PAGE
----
European Club Association (ECA) chairman Andrea Agnelli believes the Champions League needs to change because it has become predictable.
Proposals for a revamp to European club football’s flagship competition, bringing in a promotion and relegation system, were reportedly shelved last month amid criticism and fears of a closed competition developing.
But Agnelli, who is also chairman of Juventus, insists there is no desire to move towards an effective European “super league”, even if he feels the Champions League current format is flawed.
“We started thinking, some months ago, about what is it that we want within the ECA. What are the principles we want to go by?” he said when addressing the Leaders Sport Business Summit at Twickenham on Tuesday.
“When I say ‘we’, I mean representatives from Poland, Greece, Finland, Portugal and also representatives from the big leagues.
“What we felt was, if we want to create a platform that allows for all clubs to succeed on and off the pitch, more European football is good for the game. Possibly the introduction of a relegation system to deliver sporting dynamism across Europe.
“If we think about the group stage of the Champions League, all of us can guess 15 out of 16 who will qualify for the last 16. The first two teams in each group of the Champions League are probably written. We want to find more relevant games.
“Much has been said about wanting to kill domestic leagues. No – we want to maintain symbiosis with the leagues. We absolutely agree that champions should have access to international competitions.”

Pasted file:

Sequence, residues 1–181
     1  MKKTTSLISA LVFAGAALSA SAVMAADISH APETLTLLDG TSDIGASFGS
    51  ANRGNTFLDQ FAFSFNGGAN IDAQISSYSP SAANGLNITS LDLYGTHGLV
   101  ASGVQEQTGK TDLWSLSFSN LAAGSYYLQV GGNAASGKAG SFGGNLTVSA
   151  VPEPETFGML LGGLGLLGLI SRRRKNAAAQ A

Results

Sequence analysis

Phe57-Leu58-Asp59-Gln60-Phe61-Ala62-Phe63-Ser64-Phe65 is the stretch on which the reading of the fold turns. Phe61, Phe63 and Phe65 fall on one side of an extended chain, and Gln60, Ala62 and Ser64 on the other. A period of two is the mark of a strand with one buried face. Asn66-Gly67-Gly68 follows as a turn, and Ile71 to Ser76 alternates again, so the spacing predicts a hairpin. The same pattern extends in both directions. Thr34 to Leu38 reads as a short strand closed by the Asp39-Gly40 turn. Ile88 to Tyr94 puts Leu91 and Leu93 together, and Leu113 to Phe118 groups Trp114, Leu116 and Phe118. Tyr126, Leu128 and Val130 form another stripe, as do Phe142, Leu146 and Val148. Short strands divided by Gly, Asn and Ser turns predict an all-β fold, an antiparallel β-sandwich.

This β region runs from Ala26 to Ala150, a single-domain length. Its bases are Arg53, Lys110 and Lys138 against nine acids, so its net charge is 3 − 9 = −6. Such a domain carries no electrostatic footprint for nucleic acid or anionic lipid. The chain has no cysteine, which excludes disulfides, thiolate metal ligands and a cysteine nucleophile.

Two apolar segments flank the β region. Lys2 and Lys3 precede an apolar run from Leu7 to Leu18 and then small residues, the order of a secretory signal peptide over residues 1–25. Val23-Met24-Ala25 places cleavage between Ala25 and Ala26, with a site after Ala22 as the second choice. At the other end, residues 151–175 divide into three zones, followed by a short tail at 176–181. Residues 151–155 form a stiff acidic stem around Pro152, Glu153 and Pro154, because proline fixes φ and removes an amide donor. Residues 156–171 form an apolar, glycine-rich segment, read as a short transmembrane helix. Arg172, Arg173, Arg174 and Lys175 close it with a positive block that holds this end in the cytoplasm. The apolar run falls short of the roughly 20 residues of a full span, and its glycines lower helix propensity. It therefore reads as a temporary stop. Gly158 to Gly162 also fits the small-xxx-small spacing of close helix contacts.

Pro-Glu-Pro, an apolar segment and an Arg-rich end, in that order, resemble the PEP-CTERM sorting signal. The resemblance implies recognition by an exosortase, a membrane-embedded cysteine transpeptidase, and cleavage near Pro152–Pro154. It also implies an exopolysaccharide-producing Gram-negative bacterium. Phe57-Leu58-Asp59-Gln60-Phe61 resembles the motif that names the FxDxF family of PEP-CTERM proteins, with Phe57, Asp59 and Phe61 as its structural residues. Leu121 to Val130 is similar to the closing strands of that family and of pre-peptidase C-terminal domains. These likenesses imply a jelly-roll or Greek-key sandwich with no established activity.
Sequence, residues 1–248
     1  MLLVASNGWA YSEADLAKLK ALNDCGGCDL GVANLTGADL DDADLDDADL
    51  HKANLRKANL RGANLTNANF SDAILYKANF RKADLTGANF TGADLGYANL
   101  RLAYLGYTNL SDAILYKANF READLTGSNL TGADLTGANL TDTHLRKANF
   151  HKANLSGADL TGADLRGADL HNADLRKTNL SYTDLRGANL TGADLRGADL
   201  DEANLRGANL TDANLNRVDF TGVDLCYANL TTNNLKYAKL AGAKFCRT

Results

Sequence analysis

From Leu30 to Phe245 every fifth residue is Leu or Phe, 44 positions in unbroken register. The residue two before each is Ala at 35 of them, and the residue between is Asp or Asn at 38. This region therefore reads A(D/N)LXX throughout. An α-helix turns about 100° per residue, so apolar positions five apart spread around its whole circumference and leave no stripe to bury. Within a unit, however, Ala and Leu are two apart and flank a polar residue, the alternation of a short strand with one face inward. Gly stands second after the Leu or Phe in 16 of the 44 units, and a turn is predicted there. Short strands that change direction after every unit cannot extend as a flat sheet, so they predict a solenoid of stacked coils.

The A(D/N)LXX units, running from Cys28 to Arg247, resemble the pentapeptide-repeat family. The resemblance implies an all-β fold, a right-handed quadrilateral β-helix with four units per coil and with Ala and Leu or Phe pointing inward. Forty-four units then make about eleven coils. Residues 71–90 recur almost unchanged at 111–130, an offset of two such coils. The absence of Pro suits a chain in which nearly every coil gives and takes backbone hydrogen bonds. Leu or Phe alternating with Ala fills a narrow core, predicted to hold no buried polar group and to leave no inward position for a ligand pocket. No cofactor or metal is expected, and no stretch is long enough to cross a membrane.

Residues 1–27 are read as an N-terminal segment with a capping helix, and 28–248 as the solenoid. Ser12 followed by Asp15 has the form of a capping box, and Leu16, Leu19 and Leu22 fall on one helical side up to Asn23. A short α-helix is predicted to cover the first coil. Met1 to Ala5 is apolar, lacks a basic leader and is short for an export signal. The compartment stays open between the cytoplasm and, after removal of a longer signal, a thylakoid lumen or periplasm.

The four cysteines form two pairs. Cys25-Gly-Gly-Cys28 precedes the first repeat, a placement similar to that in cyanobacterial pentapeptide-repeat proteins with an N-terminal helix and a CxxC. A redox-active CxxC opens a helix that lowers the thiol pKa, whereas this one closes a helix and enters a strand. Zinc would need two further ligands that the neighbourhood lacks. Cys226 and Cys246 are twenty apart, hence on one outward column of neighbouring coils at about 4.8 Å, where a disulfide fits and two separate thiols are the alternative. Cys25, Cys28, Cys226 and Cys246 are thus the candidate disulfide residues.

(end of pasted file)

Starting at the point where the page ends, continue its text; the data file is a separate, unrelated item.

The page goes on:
Agnelli believes football is now vying for attention against non-traditional competitors, heightening to need for European club football to capture the imagination.
“We will now have to tackle a shift in consumer behaviour. We’re looking at ‘Generation Z’, the new digital natives who are turning into adulthood,” he said.
“We have to look at what is the behaviour of ‘Generation Z’. We should seriously start to think that the competitors are not clubs next door but League of Legends, e-sports, Fortnite. I think those are going to be the ones who are going to be our competitors going forward.
“It is fair to say and assume that, in the quarter-finals of the two competitions [Champions League and Europa League] you have six to seven of eight clubs that come from the big five leagues. That is mainly thanks to the economic advantage they have.”
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One of clubs who appear to have benefitted most from such competitive advantage are Agnelli’s own, with Juve chasing a ninth consecutive Serie A title this season.
Maurizio Sarri’s side moved to the summit on Sunday with an impressive 2-1 win at nearest rivals Inter.
“I think [Inter] are challengers. It was a good game on Sunday. It was a solid game,” Agnelli added.
“It is a domestic league. They are true in their values, when you have a stronger team it comes out over 38 games. The only exception is the Premier League, which is not as certain as in other countries.
“Bayern Munich Juventus, PSG, a duopoly in Spain with Real Madrid and Barcelona. This is an element of why reform should be put in place [in European competitions].
“I am happy with that [domination for Juventus], I won’t complain too much about it. But is this what a fan wants to see? Total domestic domination. You will find five out of eight teams winning the big five that are the usual suspects in Europe.”
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